environment is also a skill that they must master. The career and work environment is
changing and so is the need for skilled workers who can think for themselves and think
critically (Nelson, Low, & Nelson, 2005). The use of Emotional Intelligence is helpful to
guide students towards their goals and careers. Prendergast (2016) found that emotional
intelligence is used to motivate employees to achieve the objectives and goals for
organizations by incorporating emotional intelligence in the organizations mission,
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vision, and values. Low and Nelson (2005) found that with the current emphasis on
academic accountability, emotional intelligence emphasizes the means of establishing
positive behaviors that individuals value such as positive self-esteem, meaningful goal
achievement, dependability, effective communication, constructive thinking, emotional
self-control, problem-solving skills, and healthy stress-management skills.
In recent research conducted with Chinese university students, Wang, Xie, and
Cui (2016) found positive correlations between emotional intelligence, self-leadership,
and self-efficacy. The results indicated that students, high in emotional intelligence skills,
could effectively manage stressful situations and implement positive coping strategies.
All these related skills involve a higher psychological process and the integration of the
cognitive and emotional mind. The process evolves around the student establishing
leadership skills to help themselves become responsible adults and to establish an
awareness of their leadership strengths and weaknesses. Research in leadership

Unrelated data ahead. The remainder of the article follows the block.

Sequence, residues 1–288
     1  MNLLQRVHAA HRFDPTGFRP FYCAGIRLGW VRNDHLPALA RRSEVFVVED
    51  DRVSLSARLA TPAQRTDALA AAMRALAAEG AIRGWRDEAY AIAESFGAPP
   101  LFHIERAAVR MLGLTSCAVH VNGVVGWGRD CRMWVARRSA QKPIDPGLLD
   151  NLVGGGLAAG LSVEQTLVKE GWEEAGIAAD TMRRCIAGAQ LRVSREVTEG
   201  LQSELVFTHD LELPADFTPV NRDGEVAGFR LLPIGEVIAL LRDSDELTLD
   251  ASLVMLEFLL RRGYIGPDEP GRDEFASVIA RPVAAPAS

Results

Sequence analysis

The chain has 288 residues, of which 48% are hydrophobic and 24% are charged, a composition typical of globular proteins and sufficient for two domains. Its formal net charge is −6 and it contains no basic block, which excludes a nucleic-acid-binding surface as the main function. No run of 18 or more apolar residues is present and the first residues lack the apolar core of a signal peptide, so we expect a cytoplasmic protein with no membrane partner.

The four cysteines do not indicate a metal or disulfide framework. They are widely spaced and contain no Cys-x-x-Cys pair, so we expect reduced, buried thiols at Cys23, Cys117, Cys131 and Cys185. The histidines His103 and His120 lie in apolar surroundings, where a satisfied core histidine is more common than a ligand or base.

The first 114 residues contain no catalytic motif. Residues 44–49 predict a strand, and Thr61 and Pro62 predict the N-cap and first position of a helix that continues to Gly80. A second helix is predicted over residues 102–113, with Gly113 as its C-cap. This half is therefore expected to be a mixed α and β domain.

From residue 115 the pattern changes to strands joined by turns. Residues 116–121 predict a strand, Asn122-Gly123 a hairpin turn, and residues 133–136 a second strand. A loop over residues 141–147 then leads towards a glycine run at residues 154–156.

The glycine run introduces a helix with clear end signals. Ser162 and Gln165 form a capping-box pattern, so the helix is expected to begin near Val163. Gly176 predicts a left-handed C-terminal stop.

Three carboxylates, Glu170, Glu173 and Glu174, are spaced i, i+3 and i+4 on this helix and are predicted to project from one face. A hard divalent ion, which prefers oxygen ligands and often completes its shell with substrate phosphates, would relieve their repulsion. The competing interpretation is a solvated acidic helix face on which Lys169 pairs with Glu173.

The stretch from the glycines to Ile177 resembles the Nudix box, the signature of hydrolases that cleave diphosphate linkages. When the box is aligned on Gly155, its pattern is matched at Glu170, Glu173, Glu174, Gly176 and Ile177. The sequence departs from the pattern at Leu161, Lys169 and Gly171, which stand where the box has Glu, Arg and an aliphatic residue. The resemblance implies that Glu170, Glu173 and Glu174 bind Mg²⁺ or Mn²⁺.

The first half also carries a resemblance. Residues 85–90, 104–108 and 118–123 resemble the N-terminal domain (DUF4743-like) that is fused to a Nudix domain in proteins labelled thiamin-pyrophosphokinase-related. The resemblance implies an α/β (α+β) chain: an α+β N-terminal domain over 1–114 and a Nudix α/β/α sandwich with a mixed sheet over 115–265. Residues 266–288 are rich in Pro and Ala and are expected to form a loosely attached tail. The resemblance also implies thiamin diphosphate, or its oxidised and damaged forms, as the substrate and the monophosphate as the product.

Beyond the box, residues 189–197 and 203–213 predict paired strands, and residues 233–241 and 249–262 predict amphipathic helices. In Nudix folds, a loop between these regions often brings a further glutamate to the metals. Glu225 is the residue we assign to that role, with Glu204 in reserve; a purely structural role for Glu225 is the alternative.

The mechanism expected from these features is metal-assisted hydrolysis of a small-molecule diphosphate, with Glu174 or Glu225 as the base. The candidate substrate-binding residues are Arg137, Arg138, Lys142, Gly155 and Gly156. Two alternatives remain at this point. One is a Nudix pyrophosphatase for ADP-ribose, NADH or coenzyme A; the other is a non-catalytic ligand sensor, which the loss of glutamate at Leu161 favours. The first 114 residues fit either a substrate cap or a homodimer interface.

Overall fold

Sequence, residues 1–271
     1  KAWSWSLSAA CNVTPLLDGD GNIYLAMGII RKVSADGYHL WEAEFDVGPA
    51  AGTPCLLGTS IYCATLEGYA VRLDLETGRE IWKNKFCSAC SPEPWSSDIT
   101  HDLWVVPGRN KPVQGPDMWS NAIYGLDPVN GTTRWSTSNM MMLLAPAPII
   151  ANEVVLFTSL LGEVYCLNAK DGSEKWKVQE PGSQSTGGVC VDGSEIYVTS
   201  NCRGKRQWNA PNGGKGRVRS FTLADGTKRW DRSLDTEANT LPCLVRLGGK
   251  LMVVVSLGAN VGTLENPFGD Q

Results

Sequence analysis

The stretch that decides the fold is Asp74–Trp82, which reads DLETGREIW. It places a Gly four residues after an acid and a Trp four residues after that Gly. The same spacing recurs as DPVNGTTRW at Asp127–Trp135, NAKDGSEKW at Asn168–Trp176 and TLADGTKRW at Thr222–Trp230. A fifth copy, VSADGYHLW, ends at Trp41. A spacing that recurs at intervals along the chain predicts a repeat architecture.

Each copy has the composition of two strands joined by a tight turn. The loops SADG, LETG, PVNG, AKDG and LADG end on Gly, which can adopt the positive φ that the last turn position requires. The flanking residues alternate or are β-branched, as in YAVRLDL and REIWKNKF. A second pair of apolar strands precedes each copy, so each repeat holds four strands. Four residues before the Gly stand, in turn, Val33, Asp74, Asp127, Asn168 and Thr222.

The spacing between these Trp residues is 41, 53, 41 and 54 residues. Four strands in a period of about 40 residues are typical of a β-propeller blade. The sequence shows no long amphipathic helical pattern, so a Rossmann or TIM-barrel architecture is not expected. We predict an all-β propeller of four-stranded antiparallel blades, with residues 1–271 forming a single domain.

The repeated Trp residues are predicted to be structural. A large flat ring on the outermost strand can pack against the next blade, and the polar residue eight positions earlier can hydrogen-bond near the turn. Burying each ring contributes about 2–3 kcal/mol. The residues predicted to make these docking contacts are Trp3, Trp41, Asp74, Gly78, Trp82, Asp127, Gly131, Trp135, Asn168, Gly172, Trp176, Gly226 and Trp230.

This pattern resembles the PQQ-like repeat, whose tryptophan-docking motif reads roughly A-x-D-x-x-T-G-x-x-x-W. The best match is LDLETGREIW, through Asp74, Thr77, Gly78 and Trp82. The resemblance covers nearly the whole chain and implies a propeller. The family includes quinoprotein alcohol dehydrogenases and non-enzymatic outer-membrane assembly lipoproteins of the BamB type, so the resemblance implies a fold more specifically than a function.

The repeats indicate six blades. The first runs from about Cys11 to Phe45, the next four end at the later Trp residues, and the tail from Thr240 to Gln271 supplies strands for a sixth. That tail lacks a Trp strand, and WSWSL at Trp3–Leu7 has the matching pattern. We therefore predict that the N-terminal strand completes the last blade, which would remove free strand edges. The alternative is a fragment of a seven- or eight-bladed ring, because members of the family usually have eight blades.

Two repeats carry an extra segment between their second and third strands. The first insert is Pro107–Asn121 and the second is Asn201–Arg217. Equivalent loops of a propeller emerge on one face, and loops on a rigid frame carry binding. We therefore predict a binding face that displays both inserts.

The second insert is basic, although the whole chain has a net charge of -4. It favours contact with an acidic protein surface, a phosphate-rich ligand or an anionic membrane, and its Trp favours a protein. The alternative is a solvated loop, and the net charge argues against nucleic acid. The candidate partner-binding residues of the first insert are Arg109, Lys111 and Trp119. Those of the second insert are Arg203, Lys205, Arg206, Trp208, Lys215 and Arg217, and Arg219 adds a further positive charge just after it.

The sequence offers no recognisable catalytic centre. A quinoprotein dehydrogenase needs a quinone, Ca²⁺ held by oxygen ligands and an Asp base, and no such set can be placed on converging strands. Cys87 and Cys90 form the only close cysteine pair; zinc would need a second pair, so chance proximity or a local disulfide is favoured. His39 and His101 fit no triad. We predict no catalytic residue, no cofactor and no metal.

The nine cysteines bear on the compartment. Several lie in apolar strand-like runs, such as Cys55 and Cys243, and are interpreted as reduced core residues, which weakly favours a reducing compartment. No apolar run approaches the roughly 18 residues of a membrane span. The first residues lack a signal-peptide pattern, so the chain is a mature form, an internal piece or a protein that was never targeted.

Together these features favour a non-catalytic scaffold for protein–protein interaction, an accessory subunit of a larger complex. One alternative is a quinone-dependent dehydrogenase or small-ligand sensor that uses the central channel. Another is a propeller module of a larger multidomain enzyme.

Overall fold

assessment skills in both graduate and undergraduate college students have indicated an
importance of emotional intelligence skills for leadership development in other leadership
categories such as drive strength, building trusting relationships, critical and analytical
thinking, and conceptual management skills (Majid et al., 2012). In a recent study
examining pharmaceutical students emotional intelligent leadership skills, Haight et al.
(2017) found that emotional intelligence skills have positive connections in the leadership
categories of inter-professional collaboration, leadership, and communication skills. This
would provide an overall picture of emotional intelligence and its importance to students
personal development in their academic career.
Emotional Intelligence is assessed based upon the Emotional Intelligence
Instrument that assesses 13 skill levels in which individuals often rank differently. The 13
skills are divided into four components in which Emotional Intelligence is measured.
The four components are interpersonal skills, intrapersonal skills, leadership skills, and
self-management skills. Within each of these components are 13 skill levels: assertion,
comfort, empathy, decision making, leadership, drive strength, time management,
commitment ethic, self-esteem, stress management, aggression, deference, and change
orientation (Nelson, Low, & Vela, 2003). The first component of Emotional Intelligence,
which is the interpersonal component, focuses on assertion of the individual, anger
control and management and fear control and management. In this component, students
learn their communication patterns and skills. Assertion is defined as the ability to
clearly and honestly communicate personal thoughts and feelings of another person in a
comfortable, direct, appropriate, and straightforward manner (Low & Nelson, 2005, p.
10). The more a student is assertive the more they feel confident to speak their mind and
take the listener into consideration by hearing them speak their ideas. Assertive
communication is a positive way of talking to people and expressing ones own thoughts,
feelings, and ideas in a way that promotes understanding by all those involved. Assertion
is a skill in the interpersonal skills component because assertion is the key emotional skill
essential for developing positive relationships and social groups with others (Low &
Nelson, 2004).
Leadership Skills comprise the next categorical component and encompass the
emotional skills of comfort, empathy, decision-making, and leadership ability. The
emotional skills determine how individuals interact with their environment given certain
situations that occur in daily life. The level of comfort individuals may feel when they are